We got a phone call on from our social worker that afternoon letting us know there was a little baby girl just five days old and the birth-mother wanted to meet us in person because we seemed like the 'right couple'. I stuck to my 5 year plan and let her know that the restaurant was opening in a few months and it takes 3 years to get a business 'up and running' so we would pass. 

What I did not know at the time is that the Chef had received a similar phone call and had told the social workers we would 'take her' and the rest my dear readers is 'HIStory'.................

Ron lost his job the following week (due to the fact that the media were focusing a lot of coverage/free advertising on our new restaurant and not the one he had been working at)  and within a month we had a little bundle sleeping in a bassinet by the bed. Again, I was stressed over not having at least 'nine months' to get ready for this little surprise. 

So that year we had 'Twins'. He got the restaurant and I got the girl. Of course (as many of your know) we had it all. Including the nursery built into the restaurant and a Granny with eager wings flitting back and forth from Ireland to help ease us into the world of 'child rearing'. 

Although our first-born and the first grandchild (on my side) she has been jolted of her post by two older girls entering into the picture this summer. Fear not, she still rules her roost. Rory is very much the apple of her Daddy's eye and most likely will end up being a vet someday because of her love for animals. I would say she could end up being an animal rights activist too except for the fact that she loves to eat meat! In saying that, she is a bit of a food snob too and can identify most of the ingredients in just about everything the Chef prepares!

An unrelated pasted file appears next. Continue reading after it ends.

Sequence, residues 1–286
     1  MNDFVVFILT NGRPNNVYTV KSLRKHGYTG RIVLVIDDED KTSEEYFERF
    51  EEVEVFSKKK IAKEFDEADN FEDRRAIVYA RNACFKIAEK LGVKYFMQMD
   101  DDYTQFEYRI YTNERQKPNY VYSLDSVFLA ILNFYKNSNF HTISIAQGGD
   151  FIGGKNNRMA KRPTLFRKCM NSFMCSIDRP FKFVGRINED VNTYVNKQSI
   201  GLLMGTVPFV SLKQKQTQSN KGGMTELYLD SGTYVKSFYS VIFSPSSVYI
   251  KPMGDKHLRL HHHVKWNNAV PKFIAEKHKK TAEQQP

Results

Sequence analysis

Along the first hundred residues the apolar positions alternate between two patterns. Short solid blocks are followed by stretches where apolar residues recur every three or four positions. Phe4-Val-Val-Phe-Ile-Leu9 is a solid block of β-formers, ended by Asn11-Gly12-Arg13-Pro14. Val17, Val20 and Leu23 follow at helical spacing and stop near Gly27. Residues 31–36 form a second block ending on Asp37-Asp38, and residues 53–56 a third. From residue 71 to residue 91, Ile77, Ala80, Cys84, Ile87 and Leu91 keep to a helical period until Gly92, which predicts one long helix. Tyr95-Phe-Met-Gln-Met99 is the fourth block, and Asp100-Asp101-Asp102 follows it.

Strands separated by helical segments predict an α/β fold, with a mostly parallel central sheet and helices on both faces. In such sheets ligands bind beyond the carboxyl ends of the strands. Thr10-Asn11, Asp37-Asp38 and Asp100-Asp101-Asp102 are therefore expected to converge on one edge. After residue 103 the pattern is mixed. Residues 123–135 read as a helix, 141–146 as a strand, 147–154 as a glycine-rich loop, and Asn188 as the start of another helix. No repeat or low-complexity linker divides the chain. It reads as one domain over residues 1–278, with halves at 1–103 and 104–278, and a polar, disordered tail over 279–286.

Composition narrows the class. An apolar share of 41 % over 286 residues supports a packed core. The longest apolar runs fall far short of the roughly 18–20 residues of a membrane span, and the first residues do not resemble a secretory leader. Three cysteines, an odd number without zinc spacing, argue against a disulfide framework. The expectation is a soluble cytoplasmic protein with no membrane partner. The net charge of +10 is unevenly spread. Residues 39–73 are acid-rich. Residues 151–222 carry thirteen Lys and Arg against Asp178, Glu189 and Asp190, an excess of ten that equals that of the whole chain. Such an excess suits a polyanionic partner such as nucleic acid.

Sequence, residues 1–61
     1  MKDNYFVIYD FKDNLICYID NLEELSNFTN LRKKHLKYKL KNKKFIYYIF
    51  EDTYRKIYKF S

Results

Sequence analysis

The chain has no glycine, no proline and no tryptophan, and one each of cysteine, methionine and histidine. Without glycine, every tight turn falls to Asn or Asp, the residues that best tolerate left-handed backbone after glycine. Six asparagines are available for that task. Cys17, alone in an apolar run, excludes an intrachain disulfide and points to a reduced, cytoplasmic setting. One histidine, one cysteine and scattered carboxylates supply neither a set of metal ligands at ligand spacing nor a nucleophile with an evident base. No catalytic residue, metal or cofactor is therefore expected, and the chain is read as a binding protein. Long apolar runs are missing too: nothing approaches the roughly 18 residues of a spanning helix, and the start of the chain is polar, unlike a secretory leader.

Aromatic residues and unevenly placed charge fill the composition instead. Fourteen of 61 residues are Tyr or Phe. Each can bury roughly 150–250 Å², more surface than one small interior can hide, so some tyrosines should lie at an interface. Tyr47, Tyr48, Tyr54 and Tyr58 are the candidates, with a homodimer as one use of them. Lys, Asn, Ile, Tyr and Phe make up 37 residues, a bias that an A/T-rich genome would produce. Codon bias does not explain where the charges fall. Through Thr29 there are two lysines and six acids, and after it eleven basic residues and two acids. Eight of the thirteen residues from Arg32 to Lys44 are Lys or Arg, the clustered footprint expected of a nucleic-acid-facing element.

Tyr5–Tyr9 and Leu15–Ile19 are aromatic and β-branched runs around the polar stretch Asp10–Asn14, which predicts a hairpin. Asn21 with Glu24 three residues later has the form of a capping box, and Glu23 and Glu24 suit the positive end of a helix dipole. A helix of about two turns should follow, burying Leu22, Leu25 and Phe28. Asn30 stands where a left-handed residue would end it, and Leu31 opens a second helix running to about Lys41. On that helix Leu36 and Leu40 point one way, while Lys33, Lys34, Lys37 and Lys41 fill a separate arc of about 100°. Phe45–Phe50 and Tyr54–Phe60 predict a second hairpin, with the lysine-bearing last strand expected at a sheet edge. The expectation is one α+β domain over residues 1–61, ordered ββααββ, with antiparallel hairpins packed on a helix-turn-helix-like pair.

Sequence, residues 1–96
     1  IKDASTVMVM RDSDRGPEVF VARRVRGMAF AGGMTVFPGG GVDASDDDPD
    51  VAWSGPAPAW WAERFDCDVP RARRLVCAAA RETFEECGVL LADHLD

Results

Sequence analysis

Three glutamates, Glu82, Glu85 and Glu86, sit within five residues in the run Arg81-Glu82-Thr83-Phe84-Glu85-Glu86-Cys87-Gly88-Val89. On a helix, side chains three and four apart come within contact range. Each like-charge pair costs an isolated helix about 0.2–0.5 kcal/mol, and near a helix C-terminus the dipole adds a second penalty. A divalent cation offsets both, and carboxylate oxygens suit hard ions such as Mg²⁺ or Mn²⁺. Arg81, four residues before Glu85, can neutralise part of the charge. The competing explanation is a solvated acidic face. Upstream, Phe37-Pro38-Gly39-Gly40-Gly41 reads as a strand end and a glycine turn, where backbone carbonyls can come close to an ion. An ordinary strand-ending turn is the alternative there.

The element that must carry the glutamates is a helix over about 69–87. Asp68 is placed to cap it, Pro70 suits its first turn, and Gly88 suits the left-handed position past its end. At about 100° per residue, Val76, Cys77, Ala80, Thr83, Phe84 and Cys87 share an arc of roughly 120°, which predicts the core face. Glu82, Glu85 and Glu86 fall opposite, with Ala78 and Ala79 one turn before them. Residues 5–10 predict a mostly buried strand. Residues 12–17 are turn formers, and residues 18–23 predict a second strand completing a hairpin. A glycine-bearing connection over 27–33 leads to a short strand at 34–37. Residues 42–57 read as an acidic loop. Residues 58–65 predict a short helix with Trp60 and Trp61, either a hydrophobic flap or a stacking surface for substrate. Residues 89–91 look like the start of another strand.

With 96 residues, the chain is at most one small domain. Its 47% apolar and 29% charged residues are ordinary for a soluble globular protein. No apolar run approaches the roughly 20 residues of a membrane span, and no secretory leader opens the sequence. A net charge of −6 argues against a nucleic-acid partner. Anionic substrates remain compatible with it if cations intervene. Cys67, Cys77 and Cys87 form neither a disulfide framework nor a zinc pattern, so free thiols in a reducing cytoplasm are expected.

Her request for the same birthday cake (every-year) might sound a little boring to many, but to a few of you out there, it sounds only divine. For many years (more than he would ever admit to) the Chef has been making and baking 'Black Magic'. A rich dark chocolate batter cake. The cake soaked in espresso, then chocolate whipped cream in the middle and a smothering of warm chocolate ganache to finish it off. He strayed from the tried and tested version for his girl and stuck on 'PINK Smarties' to jazz it up. Not a crumb left on the plate!

The thing we have noticed the most about our little Rory Belle is that she is growing up fast. She is mad into music and was the happy recipient of a teeny tiny MP3 player that fit snugly into her new iDog. Now, she really is 'TopDog' in the Wanderly-Wise-Wagon when we go on road trips and thankfully we can barely hear the commotion in the back as the Disney tunes and lady Gaga songs are shared with the other rebel rouser's.